Case Study: The Beakers and Bodies Project (University of Aberdeen Museums)
The Leverhulme Trust funded Beakers and Bodies Project undertook radiocarbon dating, stable isotope analysis (for diet) and constructed updated typo-chronologies and regional narratives. Some forty AMS radiocarbon dates were obtained primarily for Beaker burials but also for Food Vessel, bronze dagger and ‘unaccompanied’ burials (Curtis et al. 2008; Wilkin et al. 2009), the material being in the care of a number of museum collections. In addition, sufficiently preserved short-cist skeletons from eastern Scotland were studied by Dr Margaret Hutchison. The skeletons were analysed for sex, age-at-death, general anatomy and pathology and also to look for regional and temporal variations. Some of the project’s findings were also incorporated into Alexandra Shepherd’s important work (forthcoming) on the gendered position and posture of bodies in northern Beaker burials. Stable isotope analysis for diet was also undertaken. The results were consistent across grave-good traditions and did not show any noticeable regional patterns. Detailed discussion of these results by Dr Mandy Jay are incorporated within the AHRC-funded Beaker People Project. Finally, the high presence of white inlay on Beaker vessels in the collections of the University of Aberdeen was studied and initial chemical analyses were undertaken, identifying the material as calcium hydroxyapatite - the major inorganic constituent of bone (Curtis et al. 2010).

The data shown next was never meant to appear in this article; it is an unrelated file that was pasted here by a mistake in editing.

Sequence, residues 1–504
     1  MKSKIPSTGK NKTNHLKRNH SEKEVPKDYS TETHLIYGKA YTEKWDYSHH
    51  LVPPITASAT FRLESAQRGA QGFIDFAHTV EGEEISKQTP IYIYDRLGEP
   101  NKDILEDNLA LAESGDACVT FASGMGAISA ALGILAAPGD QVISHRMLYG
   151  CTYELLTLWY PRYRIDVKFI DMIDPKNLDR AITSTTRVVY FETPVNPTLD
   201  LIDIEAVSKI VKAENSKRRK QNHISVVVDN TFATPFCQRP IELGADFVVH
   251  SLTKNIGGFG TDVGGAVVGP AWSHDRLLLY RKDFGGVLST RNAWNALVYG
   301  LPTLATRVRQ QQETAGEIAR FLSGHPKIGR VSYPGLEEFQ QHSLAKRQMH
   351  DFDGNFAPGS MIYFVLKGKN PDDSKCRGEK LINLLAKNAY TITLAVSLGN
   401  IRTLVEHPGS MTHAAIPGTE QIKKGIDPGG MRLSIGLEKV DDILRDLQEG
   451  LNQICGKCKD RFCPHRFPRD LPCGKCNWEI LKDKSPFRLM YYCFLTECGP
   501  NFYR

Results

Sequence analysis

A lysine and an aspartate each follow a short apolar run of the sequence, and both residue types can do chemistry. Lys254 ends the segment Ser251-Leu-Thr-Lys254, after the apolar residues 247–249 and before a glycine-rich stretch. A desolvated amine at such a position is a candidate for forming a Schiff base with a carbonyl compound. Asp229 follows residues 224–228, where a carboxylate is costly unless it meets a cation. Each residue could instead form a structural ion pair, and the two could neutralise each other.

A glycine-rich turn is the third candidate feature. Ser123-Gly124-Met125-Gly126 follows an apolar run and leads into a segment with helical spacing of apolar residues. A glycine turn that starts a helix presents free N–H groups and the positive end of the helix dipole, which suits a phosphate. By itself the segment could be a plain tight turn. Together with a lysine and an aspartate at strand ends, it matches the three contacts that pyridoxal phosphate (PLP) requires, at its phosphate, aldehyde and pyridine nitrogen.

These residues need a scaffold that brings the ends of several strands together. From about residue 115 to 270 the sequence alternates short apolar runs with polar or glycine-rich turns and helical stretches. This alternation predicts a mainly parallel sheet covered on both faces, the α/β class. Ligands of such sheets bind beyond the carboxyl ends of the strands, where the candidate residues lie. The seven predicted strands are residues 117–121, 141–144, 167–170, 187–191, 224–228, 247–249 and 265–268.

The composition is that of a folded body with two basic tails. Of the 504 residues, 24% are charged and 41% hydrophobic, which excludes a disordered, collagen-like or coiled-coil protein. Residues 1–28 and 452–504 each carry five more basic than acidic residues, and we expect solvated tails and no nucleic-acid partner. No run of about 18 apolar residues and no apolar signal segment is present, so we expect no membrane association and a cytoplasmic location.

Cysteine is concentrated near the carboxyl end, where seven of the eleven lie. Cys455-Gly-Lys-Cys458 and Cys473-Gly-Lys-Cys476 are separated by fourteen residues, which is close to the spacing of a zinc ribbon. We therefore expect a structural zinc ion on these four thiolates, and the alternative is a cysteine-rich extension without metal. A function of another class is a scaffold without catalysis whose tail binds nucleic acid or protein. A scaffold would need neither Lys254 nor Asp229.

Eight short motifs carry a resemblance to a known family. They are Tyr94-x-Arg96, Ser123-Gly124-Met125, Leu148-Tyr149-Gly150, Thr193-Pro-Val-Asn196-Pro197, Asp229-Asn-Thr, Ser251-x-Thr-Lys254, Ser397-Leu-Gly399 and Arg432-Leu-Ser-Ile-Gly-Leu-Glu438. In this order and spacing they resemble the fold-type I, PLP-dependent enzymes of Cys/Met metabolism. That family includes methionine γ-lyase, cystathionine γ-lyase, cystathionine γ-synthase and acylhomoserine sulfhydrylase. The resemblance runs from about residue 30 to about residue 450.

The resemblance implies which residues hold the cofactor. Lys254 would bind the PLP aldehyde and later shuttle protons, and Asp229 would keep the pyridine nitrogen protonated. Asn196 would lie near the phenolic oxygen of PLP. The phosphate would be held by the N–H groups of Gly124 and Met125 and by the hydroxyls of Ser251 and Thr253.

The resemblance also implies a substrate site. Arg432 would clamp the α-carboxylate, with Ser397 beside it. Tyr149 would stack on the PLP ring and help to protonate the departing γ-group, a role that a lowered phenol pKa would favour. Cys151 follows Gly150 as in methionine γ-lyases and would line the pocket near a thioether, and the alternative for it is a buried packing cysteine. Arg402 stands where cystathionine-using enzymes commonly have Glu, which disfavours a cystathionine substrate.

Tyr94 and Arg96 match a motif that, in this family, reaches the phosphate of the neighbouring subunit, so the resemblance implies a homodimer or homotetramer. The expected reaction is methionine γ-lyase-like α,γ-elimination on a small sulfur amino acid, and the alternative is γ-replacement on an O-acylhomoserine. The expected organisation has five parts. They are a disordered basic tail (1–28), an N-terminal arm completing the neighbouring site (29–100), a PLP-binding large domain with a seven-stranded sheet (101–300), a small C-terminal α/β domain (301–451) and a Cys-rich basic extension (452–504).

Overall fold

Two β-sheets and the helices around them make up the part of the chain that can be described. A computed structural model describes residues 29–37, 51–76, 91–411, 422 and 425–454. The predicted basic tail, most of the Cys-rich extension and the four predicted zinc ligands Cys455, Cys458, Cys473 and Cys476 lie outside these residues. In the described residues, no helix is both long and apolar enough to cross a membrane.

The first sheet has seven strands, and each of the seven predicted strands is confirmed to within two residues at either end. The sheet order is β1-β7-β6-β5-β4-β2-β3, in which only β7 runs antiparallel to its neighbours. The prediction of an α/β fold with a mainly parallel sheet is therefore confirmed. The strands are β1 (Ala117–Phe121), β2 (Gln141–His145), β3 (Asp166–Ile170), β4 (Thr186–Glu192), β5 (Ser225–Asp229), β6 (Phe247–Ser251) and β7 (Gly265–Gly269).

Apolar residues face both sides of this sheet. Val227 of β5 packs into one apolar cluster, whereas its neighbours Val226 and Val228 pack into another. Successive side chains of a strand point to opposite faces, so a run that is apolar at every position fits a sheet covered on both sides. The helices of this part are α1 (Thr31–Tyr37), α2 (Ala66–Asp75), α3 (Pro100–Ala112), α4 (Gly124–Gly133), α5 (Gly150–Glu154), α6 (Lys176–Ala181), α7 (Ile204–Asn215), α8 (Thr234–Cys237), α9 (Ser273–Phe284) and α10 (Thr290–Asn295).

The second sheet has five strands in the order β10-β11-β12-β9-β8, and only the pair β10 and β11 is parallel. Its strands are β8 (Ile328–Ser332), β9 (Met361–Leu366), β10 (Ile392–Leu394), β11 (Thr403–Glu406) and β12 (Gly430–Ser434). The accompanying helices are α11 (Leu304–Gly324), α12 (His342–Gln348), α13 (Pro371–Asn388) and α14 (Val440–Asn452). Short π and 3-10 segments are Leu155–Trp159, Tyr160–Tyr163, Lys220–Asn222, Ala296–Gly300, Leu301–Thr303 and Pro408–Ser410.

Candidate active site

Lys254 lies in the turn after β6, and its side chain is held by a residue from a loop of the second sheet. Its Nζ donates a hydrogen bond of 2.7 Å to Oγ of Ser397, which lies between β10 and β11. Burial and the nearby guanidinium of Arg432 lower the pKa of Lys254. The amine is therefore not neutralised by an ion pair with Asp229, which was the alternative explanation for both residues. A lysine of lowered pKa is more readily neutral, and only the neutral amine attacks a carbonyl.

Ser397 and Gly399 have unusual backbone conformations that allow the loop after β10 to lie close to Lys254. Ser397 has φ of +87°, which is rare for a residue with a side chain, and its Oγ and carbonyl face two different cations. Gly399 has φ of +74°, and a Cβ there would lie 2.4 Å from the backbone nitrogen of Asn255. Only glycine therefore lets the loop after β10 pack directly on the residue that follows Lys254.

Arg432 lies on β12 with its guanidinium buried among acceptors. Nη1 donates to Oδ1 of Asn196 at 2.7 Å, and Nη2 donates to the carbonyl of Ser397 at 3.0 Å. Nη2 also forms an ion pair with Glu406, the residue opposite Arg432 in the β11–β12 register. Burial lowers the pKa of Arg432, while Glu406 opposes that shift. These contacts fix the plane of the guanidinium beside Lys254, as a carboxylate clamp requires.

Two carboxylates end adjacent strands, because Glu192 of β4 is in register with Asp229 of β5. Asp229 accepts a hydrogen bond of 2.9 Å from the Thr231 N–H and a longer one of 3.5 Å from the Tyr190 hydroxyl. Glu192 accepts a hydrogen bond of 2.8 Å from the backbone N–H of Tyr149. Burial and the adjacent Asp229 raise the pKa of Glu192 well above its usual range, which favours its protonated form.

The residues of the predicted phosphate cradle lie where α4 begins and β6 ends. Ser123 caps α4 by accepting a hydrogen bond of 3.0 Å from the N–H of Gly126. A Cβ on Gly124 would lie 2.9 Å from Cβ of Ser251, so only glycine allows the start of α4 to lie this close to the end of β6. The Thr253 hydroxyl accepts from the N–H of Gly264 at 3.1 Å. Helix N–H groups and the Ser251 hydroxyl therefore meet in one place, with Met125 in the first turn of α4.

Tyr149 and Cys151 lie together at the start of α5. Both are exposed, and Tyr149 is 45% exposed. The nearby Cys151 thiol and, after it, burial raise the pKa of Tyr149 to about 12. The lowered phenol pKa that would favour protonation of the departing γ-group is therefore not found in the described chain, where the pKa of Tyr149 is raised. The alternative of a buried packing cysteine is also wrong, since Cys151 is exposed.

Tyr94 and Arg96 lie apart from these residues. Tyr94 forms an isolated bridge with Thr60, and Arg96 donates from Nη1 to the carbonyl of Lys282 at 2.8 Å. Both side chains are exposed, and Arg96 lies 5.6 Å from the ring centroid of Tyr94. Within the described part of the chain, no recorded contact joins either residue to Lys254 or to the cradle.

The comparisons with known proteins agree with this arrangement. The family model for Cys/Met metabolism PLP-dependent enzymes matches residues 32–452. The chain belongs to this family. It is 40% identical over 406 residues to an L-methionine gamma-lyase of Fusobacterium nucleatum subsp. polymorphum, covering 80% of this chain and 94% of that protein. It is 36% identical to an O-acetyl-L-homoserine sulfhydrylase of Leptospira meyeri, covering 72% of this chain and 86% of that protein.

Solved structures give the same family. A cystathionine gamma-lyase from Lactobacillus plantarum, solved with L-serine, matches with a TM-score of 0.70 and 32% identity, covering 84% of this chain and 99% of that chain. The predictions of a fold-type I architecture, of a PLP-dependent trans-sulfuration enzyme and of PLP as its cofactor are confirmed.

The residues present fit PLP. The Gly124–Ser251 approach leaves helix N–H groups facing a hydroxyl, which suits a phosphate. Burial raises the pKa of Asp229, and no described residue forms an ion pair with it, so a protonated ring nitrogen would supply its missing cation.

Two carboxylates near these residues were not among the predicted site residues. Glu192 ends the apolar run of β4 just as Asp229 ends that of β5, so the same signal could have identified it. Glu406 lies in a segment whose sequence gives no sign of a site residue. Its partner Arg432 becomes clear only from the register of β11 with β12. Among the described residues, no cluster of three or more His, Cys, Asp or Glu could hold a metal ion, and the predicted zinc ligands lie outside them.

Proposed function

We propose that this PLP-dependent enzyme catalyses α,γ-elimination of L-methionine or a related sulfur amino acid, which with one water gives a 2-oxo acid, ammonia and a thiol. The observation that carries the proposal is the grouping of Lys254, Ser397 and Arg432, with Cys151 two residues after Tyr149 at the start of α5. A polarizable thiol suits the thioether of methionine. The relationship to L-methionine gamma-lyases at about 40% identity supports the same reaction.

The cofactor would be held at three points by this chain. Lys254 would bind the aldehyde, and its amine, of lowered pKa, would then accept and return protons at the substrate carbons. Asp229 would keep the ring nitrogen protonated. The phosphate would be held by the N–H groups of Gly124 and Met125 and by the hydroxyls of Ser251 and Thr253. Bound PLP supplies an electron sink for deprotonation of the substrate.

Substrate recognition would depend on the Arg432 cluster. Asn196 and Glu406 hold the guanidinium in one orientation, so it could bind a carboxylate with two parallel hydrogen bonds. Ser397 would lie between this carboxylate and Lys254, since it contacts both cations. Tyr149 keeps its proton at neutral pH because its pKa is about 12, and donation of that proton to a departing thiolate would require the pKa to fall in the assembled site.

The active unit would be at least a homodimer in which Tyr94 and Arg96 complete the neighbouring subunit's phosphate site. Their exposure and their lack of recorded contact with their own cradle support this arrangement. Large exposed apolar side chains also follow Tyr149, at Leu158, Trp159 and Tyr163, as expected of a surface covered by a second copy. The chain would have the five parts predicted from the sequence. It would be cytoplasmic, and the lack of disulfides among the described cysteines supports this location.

A dataset of all known Chalcolithic and Early Bronze Age burials in the study area was compiled in order to bring these various strands of data together. Regional comparisons between the development of funerary practices in North-East Scotland, the Moray Firth region and East-Central Scotland were developed (Curtis and Wilkin forthcoming a). Moreover, the data was used to approach typo-chronology of funerary Beakers with respect to a range of contextual factors (Curtis and Wilkin forthcoming b). The Bayesian modelling of these dates was incorporated into the construction and interpretation of these narratives.
Future avenues of research include drawing out the temporal and socio-cultural relationships between the now well established dataset for Beaker burials and less thoroughly charted traditions, including Scottish Food Vessel burial, Beakers from non-funerary contexts and recumbent stone circles. Additional work on the presence and identification of the chemical composition of white inlay in Beaker vessels is being pursued by members of the project team and has been initiated in other regions of Britain (Alistair Barclay pers comm.; Mary Davis pers comm.).
The Beakers and Bodies Project (Leverhulme Trust grant F/00 152/S) team, led by Neil Curtis with Neil Wilkin as Project Researcher, also included Dr Margaret Hutchison, Dr Mandy Jay, Ray Kidd, Alexandra Shepherd, Ian Shepherd, Dr Alison Sheridan, and Margot Wright.